Medically reviewed on Aug 7, 2023 by Jillian Foglesong Stabile, MD, FAAFP. To give you technically accurate, evidence-based information, content published on the Everlywell blog is reviewed by credentialed professionals with expertise in medical and bioscience fields.
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During sexual intercourse, a number of potential contaminants can come in contact with your body and impact both your sexual and overall health. Because of this, healthcare providers generally recommend urinating 30 minutes after any sexual activity. 
This safe sex practice can help flush out harmful bacteria from your urethra, the tube by which urine travels from your bladder and out of your body. 
While this advice primarily applies to women and people assigned female at birth (AFAB), it doesn’t hurt for men and people assigned male at birth (AMAB) to visit the bathroom after sex, either. Although, there’s not much benefit to post sex urination since the male urethra is longer and the risk of infection is generally lower than those with female anatomy. 
Understanding The Urinary Tract In People AFAB
For women and people AFAB, there are five components of the urinary tract :
The kidneys are bean-shaped organs that primarily help filter your blood, but they’re also responsible for removing waste and water in the form of urine—roughly one to two quarts daily, depending on your hydration levels. Each kidney sits on either side of the spine, with tubes called ureters connecting each kidney to the bladder, balloon-shaped and located in the pelvis. 
When you empty your bladder—or, urinate—the urine travels through the urethra to exit the body. To control this flow, you have the sphincter—two muscles that close the urethra, preventing urine from leaking from your bladder. 
To urinate, your brain will send signals to your sphincter to relax, thus opening the urethra and allowing urine to flow from the bladder and out of your body.
During sexual intercourse or sexual activity, bacteria from the genital and anal areas can potentially enter the urethra. This most often occurs in women and people AFAB since the distance between the anus and the urethra is relatively small compared to people with male anatomy.
If a bacterial infection does occur, a urinary tract infection (UTI) may arise.
What Is A Urinary Tract Infection?
A UTI occurs when harmful pathogens enter the urethra. Most often, this includes fecal bacteria, although fungi may also be the cause.4 If you’ve ever experienced frequent or painful urination or pelvic floor discomfort, you may have had a UTI. Other symptoms can include :
- Pelvic pressure
- Foul-smelling urine
- Urinary incontinence
- Bloody urine
Sometimes, UTIs will go away on their own without treatment. Other times, the bacteria or microorganisms can travel up through the urinary tract to infect its two primary organs: the bladder and kidneys. (Although all parts of your urinary system can become infected.)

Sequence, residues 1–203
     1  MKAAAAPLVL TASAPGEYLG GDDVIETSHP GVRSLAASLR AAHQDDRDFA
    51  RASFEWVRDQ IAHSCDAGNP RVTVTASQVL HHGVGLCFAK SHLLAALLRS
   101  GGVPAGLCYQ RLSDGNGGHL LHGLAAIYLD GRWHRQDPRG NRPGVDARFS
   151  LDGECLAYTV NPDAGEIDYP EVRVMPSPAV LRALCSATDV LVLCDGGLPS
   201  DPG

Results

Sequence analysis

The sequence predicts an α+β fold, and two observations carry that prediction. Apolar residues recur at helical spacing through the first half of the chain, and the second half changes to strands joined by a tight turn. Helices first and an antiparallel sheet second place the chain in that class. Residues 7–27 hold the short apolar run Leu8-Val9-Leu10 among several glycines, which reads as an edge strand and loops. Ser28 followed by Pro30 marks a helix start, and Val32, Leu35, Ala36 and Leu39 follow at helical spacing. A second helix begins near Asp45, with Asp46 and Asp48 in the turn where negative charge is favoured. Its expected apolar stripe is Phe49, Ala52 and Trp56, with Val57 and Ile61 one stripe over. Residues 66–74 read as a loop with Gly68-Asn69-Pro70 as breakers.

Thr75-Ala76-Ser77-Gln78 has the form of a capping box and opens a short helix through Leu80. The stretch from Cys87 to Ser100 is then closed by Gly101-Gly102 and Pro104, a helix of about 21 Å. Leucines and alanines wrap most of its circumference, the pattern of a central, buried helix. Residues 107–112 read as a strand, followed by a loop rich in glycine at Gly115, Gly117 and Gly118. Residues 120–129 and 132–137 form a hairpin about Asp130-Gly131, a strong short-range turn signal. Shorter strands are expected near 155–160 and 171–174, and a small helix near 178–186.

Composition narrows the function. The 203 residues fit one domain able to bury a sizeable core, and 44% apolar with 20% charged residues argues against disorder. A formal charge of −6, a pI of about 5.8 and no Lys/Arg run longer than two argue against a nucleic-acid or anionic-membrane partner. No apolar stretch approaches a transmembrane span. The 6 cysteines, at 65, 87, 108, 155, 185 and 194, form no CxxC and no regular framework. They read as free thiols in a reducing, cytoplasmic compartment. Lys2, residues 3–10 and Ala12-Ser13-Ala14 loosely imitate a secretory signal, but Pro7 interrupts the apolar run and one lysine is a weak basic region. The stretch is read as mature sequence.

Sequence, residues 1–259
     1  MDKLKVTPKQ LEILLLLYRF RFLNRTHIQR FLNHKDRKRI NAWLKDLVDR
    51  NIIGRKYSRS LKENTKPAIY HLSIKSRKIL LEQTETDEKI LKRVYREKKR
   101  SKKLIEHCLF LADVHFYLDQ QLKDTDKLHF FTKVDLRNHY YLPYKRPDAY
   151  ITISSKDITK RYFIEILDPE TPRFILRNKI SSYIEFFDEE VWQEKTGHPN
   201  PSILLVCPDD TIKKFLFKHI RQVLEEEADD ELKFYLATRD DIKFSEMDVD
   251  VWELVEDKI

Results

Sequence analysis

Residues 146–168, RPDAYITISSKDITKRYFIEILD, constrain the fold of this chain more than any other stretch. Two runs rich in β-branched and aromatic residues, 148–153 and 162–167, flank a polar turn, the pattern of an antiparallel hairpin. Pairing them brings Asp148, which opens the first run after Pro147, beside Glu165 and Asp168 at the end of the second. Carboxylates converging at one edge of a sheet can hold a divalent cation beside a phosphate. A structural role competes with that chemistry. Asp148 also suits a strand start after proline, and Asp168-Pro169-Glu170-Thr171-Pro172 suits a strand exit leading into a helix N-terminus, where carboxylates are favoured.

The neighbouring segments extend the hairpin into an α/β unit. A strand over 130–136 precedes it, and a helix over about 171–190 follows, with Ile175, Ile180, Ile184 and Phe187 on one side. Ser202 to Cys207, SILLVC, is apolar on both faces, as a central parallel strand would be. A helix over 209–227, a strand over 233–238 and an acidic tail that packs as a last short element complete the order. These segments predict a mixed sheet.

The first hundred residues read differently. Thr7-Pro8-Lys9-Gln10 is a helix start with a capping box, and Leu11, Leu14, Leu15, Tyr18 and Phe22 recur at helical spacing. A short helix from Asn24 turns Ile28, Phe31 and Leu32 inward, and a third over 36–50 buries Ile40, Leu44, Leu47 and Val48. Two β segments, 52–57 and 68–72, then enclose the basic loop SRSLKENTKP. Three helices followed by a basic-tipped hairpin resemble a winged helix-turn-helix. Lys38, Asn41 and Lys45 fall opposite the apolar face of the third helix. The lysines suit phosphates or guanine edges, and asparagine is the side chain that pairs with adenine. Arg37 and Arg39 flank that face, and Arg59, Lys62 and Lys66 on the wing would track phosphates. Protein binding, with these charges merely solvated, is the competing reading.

To that end, bladder infections can be classified as UTIs.
A bladder infection, called cystitis, is the most common type of UTI since it’s the first stop up the urinary tract. About 60 percent of women and people AFAB experience a bladder infection at some point during their lives. Like other types of UTIs, a bladder infection is characterized by :
- Frequent urination
- A burning sensation when urinating
- Dark-colored or bad-smelling urine
If the bacterial infection makes its way up to the kidneys, more severe signs may manifest. Kidney infections affect 1 in every 2,000 people and can cause :
- Fever and chills
- Lower back or side pain
- Painful urination
- Bloody and bad-smelling urine
- Frequent urge to pee
During sex, there are many ways in which harmful microorganisms may enter the urethra. These pathways include:
- Unprotected sex, in which microorganisms from the genitals can spread to the urethra
- Anal-to-genital contact, in which fecal matter can transfer from your partner
- Oral-to-genital contact, in which oral bacteria can transfer to your genitals
- Use of sex toys, in which uncleaned toys may infect your urinary system
- Unhygienic partner(s), in which dirty genitals, hands, or other body parts may come in contact with your genitals
Peeing after sex can help flush out any harmful bacteria that may have entered your urethra. That said, neglecting to pee after sex doesn’t necessarily mean you’ll get a UTI. However, it may increase your risk.
Additionally, it’s important to note that peeing after sex will not prevent pregnancy.
See related: Why Does it Burn When I Pee After Sex?
How To Treat A UTI
To treat a UTI, you’ll first need to undergo a physical examination with a healthcare provider. They may order a variety of tests to confirm a urinary tract infection, such as :
Once a UTI is confirmed, your healthcare provider will prescribe an antibiotic to eradicate the bacteria from your body. You’ll need to take the full course of antibiotics and follow the dosage rules according to the label to ensure the UTI is properly treated. 
How To Keep Your Urinary Tract Healthy
In addition to practicing safe sex and good sexual hygiene, you can help keep your urinary tract healthy by :
- Staying hydrated – Drinking enough water helps flush toxins and bacteria from the urinary tract, reducing the risk of infections. Generally, it’s recommended to drink about eight cups of water daily. However, you may need to increase your water intake if you’re physically active or if you have bladder or kidney stones.